The Reckless Hero

In literature, the Reckless Hero is someone who jumps into the fray with abandon (and often without a clear plan of action). The reckless hero doesn’t mind picking things up as they go along, but as a result, they may find themselves having to loop around or in a spot of trouble because they’re not always the best at listening to the warnings or advice of others.

One of my favorite Reckless Heroes is Rachel from C.J. Redwine’s Defiance Trilogy. She’s smart, she’s capable, she’s deadly, but her impulsive nature constantly lands her (and others around her) in hot water. Other favorite Reckless Heroes include Tanwen from Lindsay Franklin’s The Weaver Trilogy and Carswell Thorne from Melissa Meyer’s The Lunar Chronicles. One of the things I admire most about the reckless hero is that they are fully committed to their cause—even if they’re working from questionable motives.

“I’m sorry, Riwor. I just wanted to try something new.”

—Tanwen, The Story Peddler

One of the things I’ve noticed about Reckless Heroes is that they often operate from a place of deep hurt. And far too often that hurt is pushed aside and ignored in their rush to achieve a goal that they believe will set things right. And too often they think they’re better going it alone.

What helps them? Having a close group of friends who encourage their wild creativity and who have the patience (and earned trust) to help rein them in and help them focus when they’re running straight toward a dead end or into a deadly trap.

The physical act of writing can be a great form of therapy for hurts (emotional, physical, and mental). And sometimes writing helps us process through deep wounds we might not be willing or able to recognize in our lives yet. But a reckless approach to our writing can also cause us to ignore vital advice in our rush to publication. We can cause us to skip steps, ignore common mistakes, and to think we can figure it all out on our own as we go. All because we aren’t recognizing that there is a deeper issue to deal with—a lack of trust in others.

Please note being reckless isn’t always the same as being wrong. Sometimes what others deem reckless is simply you making a choice that others deem “too risky” for themselves. It means that you’re not afraid to make mistakes, to take a chance, and to test something to see what happens. Just know you don’t have to make these types of choices on your own, and you might even save yourself a few setbacks if you let others in on your plans.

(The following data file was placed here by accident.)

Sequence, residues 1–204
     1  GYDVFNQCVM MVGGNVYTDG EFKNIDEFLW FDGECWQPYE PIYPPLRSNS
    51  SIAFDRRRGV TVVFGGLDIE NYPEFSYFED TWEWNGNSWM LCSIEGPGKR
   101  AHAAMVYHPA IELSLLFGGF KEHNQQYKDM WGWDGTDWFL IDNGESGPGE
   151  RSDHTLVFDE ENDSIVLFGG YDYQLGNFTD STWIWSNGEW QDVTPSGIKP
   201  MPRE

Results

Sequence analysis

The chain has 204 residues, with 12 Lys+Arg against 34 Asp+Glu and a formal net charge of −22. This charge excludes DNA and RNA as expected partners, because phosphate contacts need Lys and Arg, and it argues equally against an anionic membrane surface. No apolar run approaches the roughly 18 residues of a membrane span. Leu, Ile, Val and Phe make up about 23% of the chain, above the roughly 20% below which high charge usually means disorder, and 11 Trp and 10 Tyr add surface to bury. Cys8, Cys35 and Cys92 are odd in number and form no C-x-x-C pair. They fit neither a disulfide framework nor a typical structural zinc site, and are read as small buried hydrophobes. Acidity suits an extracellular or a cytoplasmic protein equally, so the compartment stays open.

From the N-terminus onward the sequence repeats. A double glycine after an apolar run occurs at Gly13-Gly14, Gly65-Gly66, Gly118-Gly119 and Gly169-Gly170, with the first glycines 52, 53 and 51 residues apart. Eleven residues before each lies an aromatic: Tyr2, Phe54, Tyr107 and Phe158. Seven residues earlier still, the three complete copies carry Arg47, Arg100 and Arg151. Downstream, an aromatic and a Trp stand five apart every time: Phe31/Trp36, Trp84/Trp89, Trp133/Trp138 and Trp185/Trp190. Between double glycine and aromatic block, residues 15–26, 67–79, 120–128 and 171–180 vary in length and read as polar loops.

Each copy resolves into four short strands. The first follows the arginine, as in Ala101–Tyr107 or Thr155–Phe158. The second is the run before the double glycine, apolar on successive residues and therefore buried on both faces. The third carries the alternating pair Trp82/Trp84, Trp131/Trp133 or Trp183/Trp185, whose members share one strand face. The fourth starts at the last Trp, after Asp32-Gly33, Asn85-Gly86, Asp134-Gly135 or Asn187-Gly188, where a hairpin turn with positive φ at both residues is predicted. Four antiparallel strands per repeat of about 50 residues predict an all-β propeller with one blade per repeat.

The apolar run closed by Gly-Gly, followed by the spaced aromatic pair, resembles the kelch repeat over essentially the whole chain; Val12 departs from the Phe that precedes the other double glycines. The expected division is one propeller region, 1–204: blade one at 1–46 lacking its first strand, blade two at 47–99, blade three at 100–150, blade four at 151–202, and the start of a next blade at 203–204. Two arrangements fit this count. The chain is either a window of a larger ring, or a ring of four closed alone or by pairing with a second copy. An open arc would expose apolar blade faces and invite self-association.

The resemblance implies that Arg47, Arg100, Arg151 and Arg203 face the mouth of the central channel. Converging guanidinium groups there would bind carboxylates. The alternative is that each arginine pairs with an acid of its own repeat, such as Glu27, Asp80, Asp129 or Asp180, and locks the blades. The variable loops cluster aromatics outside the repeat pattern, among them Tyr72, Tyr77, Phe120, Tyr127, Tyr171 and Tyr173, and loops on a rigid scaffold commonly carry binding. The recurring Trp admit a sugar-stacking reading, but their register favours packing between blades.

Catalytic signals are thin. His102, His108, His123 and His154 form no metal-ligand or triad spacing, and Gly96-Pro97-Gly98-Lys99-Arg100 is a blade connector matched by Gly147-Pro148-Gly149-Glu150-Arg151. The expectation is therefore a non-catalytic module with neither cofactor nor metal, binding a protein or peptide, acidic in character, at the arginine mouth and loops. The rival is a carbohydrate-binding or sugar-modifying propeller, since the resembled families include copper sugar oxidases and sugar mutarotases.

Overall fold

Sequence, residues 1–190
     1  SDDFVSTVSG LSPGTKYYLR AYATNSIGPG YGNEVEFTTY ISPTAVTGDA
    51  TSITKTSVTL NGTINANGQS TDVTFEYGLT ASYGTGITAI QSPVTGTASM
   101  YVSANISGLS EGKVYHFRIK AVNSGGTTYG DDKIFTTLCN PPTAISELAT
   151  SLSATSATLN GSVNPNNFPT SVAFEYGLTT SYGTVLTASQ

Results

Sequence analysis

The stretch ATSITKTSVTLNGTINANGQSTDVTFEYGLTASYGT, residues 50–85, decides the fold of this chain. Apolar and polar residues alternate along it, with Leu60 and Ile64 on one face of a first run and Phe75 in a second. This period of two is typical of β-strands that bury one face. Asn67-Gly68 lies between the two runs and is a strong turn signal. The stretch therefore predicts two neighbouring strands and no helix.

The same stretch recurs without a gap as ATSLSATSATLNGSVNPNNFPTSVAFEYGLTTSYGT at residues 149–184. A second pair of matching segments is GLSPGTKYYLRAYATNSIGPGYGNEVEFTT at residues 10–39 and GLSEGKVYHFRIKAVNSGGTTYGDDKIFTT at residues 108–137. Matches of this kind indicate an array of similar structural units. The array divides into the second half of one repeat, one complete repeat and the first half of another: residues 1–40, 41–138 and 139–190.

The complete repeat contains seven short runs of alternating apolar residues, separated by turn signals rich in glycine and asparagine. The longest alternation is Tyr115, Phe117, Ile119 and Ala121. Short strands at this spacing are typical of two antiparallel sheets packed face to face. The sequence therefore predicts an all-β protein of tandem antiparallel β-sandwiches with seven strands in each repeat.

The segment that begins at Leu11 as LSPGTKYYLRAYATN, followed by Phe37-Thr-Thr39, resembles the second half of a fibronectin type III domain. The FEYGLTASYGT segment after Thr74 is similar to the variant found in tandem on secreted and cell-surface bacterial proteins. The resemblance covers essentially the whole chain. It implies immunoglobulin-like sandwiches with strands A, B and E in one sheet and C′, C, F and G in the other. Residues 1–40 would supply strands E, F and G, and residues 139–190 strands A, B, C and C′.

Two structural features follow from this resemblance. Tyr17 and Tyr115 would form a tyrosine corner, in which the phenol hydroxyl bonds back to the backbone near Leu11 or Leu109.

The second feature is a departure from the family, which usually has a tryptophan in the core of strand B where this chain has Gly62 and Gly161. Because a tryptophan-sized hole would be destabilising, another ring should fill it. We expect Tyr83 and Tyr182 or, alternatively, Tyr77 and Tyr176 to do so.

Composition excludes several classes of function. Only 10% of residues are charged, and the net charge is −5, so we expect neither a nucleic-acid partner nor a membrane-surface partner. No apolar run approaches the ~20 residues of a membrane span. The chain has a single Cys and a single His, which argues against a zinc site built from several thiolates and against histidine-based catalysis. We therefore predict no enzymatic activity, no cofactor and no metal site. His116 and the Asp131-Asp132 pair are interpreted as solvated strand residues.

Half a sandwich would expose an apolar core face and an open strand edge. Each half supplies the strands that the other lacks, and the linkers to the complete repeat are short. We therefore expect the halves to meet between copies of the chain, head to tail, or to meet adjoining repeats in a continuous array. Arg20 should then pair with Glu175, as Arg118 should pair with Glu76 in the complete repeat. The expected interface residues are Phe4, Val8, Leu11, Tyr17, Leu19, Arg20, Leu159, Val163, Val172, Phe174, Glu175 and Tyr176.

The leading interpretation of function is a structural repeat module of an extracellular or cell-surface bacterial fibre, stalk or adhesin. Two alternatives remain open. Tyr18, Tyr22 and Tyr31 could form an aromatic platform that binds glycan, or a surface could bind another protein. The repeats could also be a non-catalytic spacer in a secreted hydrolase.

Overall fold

The Reckless Hero as a Writer

Writers who identify with this type of protagonist may may be so fixated on seeing their name in print that they rush to publication before they’re truly ready. As a result they might cut corners, burn bridges with other writers, and end up with an outcome that doesn’t quite live up to their expectation. Which is why they may need that one friend who is willing to risk a flared temper or a cold shoulder to throw them the lifeline they’re not aware they need in that moment.

If this sounds a bit like you, I have three tips that I hope will help aid you on your way.

  • Slow down & take a deep breath. You don’t need a fully detailed plan, but you should at least have an idea of what you’re trying to do, where you’re trying to go, and why you’re trying to get there.
  • Ask yourself “Will this help me reach my ultimate goal?” Once you know what you’re trying to accomplish and why, you can use it as a gauge for all the ideas running through your mind. If a certain idea doesn’t measure up, put a pin in it. You can always come back to it again later. Or not.
  • Listen to the advice of experienced writers & editors. Remember, they’re not trying to hinder you. They’re trying to help you. Any decision you make from there is up to you, but at least you have some extra intel to work with!
  • Bonus: Befriend a Reclusive Hero. These are relentless researchers. They are writers who are curious like you, but often lean toward theory instead of application. Their love of knowledge (and sharing that knowledge) can help point you in the right direction when you need to do a little soul-searching of your own. And their quiet nature will help give you a peaceful place to rest for a spell while you figure some things out before pressing ahead in your journey.

Got your notebook and snacks ready? Good! Let’s answer some questions!

  1. Who are some of your favorite reckless heroes in literature, TV, or film?

2. What is it about their story that resonates with you?

3. If you feel like you’re the reckless hero in your writing journey, what is one thing you can do this week that will help set you up for future success?

Endure fort!

—Jen

A little about Jen:

Before launching my freelance editing business in 2017, I spent 10 years working as a copyeditor and managing editor in magazine publishing. I’ve worked as a ghostwriter, have edited training materials and informational resources for internationally respected Non-profits, and have been published in magazines, anthologies, and other publications—including the Christian Writer’s Market. I’ve also been a finalist and semi-finalist for the Oregon Cascade and ACFW Genesis writing contests for my unpublished YA fantasy writing.

My clients include award-winning, traditionally published authors, as well as previously unpublished writers who have gone on to successfully self-publish their work or receive full submission requests from agents/editors.

You can learn more about me at www.thewriterswellspring.com or by following me on Instagram: @thewriterswellspring or @j.e.lindsay.


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